Discerning for Two

By Paul West

(Reprinted with permission from the Eastern Catholic Life)

We may hear, at times, a pregnant woman joyfully exclaim, “Sure, I’ll have an extra little sliver of pie…after all…I am eating for two!” What a joyous feeling! To know that one is nourishing creation within oneself brings awe and wonder, but also a sense of responsibility. “Eating for two” also means that whatever food one eats, the other is eating as well. The same can be said for a man discerning a married vocation to the priesthood.

Seminarian Paul West with wife Alissa and daughter Addie.

Discerning a vocation to ordained ministry is serious business, regardless of whether this discernment involves marriage or celibacy; however, what the married man—or the to-be- married man—must keep in mind is that he is, knowingly or not, “discerning for two.” During the discernment process, a man’s wife is discerning the vocation in the same manner he is. The road to a married priestly vocation is not one that is walked alone. Every step of the way—from the realization that the Holy Spirit is calling, through seminary and throughout priestly ministry—the couple is discerning together. The discerning man must keep constant vigilance in regard to the spiritual food of which he partakes, as his wife and children also partake of the same. It is not a reality and life of one-sided decrees and demands, requirements and edicts, concessions, and sacrifices. The couple, married or engaged, must be in a continuous physical and spiritual dialogue in order that the vocation be nurtured and bear its true fruit. It is not about me. It is not about you. There is no I… only us. As the man grows in his vocation, so does his wife and family. Their concerns belong to each other, as do their prayers, sacrifices, joy, and sorrow. The idea that the couple’s discernment is not mutually exclusive to its individual members affords the couple strength and support, while enlightening all of us to the realization: it is not all about me!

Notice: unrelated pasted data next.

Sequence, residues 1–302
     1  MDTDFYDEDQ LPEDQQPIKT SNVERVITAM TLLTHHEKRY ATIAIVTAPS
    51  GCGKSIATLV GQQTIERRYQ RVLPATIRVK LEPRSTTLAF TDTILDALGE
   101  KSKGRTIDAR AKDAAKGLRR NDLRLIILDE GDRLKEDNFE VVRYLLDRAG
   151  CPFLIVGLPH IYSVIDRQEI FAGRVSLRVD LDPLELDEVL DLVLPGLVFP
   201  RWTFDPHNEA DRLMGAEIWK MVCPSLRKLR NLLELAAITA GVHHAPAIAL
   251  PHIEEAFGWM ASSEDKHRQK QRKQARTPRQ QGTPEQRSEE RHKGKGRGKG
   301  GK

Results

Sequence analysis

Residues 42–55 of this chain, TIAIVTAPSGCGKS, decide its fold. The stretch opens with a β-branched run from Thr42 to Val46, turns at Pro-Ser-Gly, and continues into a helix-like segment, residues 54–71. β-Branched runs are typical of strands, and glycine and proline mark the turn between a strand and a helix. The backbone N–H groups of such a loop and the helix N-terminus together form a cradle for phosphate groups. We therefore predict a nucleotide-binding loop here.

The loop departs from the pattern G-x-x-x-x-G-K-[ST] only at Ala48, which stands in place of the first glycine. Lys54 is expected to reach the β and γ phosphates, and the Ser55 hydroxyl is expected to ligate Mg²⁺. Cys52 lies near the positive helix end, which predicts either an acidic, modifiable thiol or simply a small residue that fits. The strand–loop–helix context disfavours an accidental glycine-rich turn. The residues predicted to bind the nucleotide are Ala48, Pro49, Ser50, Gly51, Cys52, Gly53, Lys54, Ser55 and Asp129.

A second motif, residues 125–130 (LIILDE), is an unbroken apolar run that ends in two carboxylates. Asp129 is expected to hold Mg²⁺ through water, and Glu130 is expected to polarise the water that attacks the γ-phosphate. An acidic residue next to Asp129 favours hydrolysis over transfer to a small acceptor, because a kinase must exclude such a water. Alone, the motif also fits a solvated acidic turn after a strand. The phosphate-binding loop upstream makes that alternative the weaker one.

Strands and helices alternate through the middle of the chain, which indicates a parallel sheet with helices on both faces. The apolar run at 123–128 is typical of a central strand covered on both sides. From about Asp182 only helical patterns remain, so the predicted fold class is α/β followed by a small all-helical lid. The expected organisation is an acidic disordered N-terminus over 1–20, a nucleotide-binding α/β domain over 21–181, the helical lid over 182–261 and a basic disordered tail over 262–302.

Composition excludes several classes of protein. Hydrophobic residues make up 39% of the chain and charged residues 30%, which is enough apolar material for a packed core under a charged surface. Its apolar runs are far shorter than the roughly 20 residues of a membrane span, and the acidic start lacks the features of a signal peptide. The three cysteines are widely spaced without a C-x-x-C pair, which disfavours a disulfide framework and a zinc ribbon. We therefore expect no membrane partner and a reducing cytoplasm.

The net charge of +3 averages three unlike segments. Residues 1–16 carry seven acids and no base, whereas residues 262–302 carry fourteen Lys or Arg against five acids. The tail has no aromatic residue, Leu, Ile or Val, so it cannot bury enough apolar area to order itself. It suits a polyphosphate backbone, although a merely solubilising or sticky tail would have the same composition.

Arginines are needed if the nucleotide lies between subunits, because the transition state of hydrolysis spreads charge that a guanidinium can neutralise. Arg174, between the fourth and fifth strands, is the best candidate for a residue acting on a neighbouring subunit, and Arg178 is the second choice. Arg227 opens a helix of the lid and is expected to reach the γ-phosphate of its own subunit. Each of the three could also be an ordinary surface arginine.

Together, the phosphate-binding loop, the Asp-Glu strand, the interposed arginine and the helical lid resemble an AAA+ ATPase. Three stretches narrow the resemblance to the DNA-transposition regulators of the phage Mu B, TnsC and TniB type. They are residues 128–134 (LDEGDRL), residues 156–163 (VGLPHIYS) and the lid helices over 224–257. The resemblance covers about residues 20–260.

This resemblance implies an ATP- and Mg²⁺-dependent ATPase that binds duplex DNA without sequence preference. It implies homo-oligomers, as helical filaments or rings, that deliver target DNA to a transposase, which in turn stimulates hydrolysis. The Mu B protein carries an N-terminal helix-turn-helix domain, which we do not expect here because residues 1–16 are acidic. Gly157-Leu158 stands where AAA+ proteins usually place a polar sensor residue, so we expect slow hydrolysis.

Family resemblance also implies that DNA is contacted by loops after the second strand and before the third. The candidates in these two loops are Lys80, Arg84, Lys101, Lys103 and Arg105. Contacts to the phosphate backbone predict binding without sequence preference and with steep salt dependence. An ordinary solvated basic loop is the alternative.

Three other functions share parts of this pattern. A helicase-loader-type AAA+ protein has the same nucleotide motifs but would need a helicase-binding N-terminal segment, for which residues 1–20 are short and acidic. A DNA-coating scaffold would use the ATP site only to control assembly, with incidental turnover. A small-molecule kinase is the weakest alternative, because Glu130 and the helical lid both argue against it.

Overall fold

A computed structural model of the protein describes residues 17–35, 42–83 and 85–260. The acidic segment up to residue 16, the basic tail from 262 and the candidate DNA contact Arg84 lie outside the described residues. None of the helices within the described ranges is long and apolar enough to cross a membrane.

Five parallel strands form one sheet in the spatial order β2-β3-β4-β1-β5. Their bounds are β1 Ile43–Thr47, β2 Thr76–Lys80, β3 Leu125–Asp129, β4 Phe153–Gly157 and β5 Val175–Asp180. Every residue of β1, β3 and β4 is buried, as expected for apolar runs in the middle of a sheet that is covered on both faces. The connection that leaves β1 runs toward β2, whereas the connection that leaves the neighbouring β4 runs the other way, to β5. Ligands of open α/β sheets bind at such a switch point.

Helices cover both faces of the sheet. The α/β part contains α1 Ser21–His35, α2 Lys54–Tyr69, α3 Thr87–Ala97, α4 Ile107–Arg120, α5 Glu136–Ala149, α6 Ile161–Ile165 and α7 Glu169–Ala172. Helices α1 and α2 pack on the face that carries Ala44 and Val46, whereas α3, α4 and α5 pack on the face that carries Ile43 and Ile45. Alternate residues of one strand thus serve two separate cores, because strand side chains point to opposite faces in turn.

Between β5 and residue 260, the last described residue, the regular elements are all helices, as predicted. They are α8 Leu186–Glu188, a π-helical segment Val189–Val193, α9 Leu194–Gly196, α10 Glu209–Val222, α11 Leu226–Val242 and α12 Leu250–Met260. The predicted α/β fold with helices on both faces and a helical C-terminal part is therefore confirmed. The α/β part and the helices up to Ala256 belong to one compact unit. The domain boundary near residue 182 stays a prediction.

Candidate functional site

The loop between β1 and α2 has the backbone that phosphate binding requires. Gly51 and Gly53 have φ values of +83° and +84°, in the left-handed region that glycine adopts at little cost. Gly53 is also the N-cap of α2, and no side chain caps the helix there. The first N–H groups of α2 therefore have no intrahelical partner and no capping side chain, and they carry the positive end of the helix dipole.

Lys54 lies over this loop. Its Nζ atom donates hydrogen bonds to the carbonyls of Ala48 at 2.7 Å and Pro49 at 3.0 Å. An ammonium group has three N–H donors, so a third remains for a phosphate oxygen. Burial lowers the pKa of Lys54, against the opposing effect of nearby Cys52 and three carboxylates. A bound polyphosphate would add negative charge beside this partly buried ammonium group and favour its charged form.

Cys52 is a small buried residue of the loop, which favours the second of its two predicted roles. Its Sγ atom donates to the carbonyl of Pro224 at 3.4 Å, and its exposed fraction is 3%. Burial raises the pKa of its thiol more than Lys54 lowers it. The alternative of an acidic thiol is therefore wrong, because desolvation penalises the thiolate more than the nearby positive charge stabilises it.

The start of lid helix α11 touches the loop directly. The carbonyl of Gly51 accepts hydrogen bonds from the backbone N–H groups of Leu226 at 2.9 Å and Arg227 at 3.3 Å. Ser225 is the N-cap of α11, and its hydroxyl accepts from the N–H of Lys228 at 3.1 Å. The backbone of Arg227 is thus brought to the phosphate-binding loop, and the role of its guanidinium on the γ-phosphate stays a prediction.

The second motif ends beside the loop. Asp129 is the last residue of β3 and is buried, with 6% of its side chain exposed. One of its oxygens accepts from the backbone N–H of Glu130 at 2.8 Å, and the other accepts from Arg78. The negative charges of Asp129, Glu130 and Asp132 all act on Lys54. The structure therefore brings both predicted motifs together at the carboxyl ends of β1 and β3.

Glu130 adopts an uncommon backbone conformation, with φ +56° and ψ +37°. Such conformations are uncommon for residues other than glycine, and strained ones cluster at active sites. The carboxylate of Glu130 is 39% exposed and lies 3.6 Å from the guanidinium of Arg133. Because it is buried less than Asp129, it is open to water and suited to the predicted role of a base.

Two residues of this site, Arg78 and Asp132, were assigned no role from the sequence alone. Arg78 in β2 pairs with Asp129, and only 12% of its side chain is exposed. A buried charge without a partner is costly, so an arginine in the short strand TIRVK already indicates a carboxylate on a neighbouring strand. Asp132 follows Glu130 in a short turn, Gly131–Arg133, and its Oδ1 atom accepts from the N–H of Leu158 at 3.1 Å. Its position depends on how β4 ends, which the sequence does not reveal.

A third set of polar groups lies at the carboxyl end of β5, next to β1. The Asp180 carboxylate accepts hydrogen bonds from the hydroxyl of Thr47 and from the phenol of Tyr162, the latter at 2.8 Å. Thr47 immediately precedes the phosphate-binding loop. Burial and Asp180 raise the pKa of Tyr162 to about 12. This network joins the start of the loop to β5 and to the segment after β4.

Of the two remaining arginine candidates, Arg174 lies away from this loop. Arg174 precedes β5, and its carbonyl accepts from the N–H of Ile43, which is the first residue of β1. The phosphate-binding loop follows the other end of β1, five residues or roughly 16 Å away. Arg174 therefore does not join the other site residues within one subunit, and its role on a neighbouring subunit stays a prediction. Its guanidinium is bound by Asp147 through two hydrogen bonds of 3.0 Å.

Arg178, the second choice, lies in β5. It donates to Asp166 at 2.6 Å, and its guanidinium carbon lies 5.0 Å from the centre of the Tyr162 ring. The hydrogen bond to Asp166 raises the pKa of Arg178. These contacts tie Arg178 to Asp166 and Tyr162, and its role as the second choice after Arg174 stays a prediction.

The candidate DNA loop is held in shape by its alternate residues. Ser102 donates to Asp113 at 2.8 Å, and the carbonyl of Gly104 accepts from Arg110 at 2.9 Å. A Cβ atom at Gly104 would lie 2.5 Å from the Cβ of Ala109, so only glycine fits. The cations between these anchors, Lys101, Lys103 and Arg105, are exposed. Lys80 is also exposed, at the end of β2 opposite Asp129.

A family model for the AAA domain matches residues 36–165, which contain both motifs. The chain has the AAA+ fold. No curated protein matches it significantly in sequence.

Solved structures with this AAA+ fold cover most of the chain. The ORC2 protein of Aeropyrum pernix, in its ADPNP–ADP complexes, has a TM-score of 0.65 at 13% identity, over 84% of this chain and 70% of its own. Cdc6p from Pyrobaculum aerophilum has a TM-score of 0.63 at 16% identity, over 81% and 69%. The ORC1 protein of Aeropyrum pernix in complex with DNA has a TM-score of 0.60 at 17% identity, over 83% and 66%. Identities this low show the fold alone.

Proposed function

As Christians, we are a people of discernment. What does God want from my life? Do I want to be married or pursue the Christian vocation of a single person? Am I being called to a life of celibacy? Perhaps a monastic calling is where the Holy Spirit is guiding me? Am I living a truly Christian life? These are all questions that have crossed our minds at some point in time. Regardless of how these questions are answered, we must be aware that the Holy Spirit is working within each and every one of us. Bringing our thoughts of discernment from “how does this affect me?” to a broader sense of how our individual life affects the greater community around us gives a new perspective. By expanding our thoughts, we help to keep that ever-pesky ego in check. Married or celibate, young or old, it is always positive to reflect upon the following: am I pursuing this because this is what “I WANT” or am I truly opening myself to the Holy Spirit? Just as the married couple supports one another in the discernment of a priestly vocation, Christ supports us all as we discern how we can best live a life suited to His teaching. Be comforted to know that none of us walk the road of discernment alone. If we keep Christ at the center of our discernment, nourishing the seeds that the Holy Spirit cultivates, we are all “discerning for two.”

Scroll to Top